HELL’S KITCHEN — A Ninth Avenue gay bar secured another victory in its quest for a 4 a.m. closing time Wednesday — but only after contentious back-and-forth between supporters who called the spot a haven for the gay community and opponents who argued the bar is a “nightclub” operating inside a residential building.
Twenty members of Community Board 4 voted to grant advisory approval to Rise Bar’s application for a 4 a.m. closing time on Thursdays, Fridays and Saturdays., while 18 members voted against the application.
Prior to the vote, about a dozen attendees spoke out in support of the bar’s application.
“For me, [Rise has] fostered a sense of community,” said an attendee named Brett, who moved to New York from a small town where “it wasn’t OK to be gay.”
“It means something to be able to be with your friends until 4 a.m., because where I came from, I wasn’t allowed to."
Another Hell's Kitchen resident, named Marco, called the venue "stylish" and "friendly."
"It’s the only bar that I feel comfortable being in,” he said.
Several of the board members who voted against the application maintained that the bar’s owners didn’t mention the karaoke and drag performances the venue would be hosting when they first applied for a liquor license in 2014.
“It was very nice to hear that the bar has created community,” board member Christine Berthet said. “[But] the responsibility of the applicant is to be truthful about what they are going to do, and we didn’t get that.”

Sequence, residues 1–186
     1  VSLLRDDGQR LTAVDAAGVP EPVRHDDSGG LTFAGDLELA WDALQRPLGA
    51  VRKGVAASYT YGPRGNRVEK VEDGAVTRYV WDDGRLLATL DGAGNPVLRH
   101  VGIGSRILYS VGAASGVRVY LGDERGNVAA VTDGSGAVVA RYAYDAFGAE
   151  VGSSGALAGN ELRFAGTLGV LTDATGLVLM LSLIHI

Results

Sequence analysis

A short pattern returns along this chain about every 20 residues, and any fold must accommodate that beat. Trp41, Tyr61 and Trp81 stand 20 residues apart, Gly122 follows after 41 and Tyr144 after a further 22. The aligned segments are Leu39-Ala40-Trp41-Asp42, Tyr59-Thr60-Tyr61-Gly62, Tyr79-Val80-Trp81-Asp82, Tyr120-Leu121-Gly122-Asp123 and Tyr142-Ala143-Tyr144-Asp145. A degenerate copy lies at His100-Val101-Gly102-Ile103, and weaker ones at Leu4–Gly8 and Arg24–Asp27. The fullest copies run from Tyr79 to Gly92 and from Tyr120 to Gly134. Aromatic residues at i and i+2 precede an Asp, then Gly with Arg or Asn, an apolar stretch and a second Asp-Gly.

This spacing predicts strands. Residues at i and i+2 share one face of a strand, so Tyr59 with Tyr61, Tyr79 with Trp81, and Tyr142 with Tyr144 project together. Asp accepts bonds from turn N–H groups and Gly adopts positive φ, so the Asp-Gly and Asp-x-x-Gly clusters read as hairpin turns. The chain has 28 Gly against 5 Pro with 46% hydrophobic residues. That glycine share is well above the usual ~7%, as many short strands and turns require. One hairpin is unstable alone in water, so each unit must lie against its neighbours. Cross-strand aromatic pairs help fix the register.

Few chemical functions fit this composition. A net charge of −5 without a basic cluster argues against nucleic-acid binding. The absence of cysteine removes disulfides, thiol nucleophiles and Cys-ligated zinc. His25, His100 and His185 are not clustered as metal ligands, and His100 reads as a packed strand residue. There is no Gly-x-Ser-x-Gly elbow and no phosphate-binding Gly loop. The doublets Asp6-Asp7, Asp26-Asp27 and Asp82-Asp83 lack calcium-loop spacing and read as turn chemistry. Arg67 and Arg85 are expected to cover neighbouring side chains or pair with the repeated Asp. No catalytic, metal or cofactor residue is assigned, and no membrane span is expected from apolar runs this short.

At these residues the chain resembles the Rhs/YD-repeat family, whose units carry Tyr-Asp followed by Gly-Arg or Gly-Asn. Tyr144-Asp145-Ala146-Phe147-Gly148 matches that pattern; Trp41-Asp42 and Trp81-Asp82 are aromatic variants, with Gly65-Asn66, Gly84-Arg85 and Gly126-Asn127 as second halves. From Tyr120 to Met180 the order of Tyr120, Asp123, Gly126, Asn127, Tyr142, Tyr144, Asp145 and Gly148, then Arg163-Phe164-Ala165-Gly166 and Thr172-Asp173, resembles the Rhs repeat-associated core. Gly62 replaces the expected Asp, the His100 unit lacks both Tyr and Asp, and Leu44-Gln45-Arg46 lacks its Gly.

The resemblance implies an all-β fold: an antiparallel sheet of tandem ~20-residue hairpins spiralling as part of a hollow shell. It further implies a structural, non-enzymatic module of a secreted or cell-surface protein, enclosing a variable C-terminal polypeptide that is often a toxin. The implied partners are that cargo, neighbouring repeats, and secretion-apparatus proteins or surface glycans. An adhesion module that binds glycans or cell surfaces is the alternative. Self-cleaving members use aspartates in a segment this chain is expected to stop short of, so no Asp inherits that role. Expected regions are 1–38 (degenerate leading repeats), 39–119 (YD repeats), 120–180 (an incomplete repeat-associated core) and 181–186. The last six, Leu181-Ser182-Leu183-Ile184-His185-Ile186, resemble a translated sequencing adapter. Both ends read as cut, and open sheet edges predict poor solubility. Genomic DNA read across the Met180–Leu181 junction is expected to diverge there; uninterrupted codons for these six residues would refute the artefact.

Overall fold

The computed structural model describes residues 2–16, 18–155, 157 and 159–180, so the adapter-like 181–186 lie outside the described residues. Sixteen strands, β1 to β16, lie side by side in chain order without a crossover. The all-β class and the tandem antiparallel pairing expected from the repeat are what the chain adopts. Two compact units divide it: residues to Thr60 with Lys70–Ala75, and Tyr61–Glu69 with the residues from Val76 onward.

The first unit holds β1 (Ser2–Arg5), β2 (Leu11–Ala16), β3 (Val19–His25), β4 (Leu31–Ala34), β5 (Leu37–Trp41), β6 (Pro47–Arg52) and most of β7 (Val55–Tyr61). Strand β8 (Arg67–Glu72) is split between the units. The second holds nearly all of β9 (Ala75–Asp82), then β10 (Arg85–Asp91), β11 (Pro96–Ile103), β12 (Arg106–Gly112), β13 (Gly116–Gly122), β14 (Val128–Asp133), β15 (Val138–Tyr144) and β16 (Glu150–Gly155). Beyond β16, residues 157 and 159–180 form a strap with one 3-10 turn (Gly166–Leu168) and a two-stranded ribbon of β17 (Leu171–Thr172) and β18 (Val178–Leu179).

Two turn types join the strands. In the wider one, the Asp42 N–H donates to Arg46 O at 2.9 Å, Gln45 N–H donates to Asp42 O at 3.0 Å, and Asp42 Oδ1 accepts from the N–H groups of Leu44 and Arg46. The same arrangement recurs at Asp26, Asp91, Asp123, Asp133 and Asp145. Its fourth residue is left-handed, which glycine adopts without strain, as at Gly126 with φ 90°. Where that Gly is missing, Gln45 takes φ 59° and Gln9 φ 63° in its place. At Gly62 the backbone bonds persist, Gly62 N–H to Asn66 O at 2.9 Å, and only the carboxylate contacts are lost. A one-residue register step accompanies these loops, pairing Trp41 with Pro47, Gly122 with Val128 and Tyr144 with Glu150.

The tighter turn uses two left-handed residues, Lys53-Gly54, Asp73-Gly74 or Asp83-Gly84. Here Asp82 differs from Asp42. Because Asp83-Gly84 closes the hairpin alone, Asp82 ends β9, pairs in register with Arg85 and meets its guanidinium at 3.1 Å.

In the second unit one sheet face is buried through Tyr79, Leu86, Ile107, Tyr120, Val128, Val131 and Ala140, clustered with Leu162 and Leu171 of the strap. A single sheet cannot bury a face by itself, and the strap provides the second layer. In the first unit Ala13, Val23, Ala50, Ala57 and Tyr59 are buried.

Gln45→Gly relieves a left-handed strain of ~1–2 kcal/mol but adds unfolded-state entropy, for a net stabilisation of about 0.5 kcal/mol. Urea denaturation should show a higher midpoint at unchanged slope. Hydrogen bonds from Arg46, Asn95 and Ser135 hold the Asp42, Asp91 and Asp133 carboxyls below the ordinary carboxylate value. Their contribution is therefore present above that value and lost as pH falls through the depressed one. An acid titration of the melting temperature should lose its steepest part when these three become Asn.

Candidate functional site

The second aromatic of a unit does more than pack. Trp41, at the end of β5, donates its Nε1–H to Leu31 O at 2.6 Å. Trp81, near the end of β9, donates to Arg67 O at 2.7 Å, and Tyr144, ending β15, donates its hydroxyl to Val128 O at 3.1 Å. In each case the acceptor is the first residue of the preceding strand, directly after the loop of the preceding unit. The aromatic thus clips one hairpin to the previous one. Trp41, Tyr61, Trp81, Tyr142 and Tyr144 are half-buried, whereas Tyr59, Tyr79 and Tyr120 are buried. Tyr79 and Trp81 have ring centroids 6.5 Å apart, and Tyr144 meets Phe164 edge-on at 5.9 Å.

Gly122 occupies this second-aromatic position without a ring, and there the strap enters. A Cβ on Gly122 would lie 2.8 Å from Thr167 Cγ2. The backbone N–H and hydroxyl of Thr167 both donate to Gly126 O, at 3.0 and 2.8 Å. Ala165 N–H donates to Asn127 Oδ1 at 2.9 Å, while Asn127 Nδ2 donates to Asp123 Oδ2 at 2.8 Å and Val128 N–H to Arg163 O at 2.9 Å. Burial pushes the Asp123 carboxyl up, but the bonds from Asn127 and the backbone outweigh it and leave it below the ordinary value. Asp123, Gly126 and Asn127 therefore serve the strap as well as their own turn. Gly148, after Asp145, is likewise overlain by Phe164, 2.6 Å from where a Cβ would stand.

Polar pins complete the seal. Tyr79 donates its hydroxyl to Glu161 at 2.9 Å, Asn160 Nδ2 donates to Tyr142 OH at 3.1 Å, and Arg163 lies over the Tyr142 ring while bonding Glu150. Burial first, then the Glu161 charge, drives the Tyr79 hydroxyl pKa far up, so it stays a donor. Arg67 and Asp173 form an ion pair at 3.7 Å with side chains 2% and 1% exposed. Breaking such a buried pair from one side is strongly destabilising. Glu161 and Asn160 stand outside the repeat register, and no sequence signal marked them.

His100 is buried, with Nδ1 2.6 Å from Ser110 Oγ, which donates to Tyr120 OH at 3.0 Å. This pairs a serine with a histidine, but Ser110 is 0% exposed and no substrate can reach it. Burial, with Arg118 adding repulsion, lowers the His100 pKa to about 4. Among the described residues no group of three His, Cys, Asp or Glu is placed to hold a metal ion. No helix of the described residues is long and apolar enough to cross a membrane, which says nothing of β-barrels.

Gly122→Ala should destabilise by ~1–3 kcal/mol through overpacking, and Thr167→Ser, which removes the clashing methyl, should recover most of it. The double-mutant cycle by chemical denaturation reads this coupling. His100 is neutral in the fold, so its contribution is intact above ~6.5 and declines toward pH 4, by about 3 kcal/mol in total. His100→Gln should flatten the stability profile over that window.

A few residents living above the bar, meanwhile, maintained they’d been having problems with noise since it opened last year.
“It’s a residential building with a nightclub in it,” a resident named Chris said. “They call it a lounge — it is a nightclub.”
“While I fully support the community… I’d like to sleep — I have a long work day,” another resident added.
The board received 66 letters opposing the bar’s application and 16 emails supporting it, said Frank Holozubiec, co-chairman of the board's Business Licenses and Permits committee.
The bar itself submitted more than 800 letters in support of the 4 a.m. close, including those from 21 residents living in the building, he added.
Committee co-chairman Burt Lazarin said he requested that neighbors opposed to the bar submit "specific" problematic instances to the board, but noted that "nothing was presented."
As part of the vote, the board agreed that the State Liquor Authority should consider asking the operators to apply to modify their method of operation, in light of the karaoke nights and other performances it hosts.
The board will include that request in its letter to the SLA, which will make the final decision about the bar’s application.
Before the vote, board member Jean-Daniel Noland said he wanted to speak “to a basic question of fairness,” noting the bar’s staff has been working with the building’s tenants for months to resolve noise issues for months.
“I’m not a fan of bars — I don’t go to them. They won’t let me in,” he joked. “[But] I don’t see how we can punish somebody if they’re trying to do their best to solve their problems.”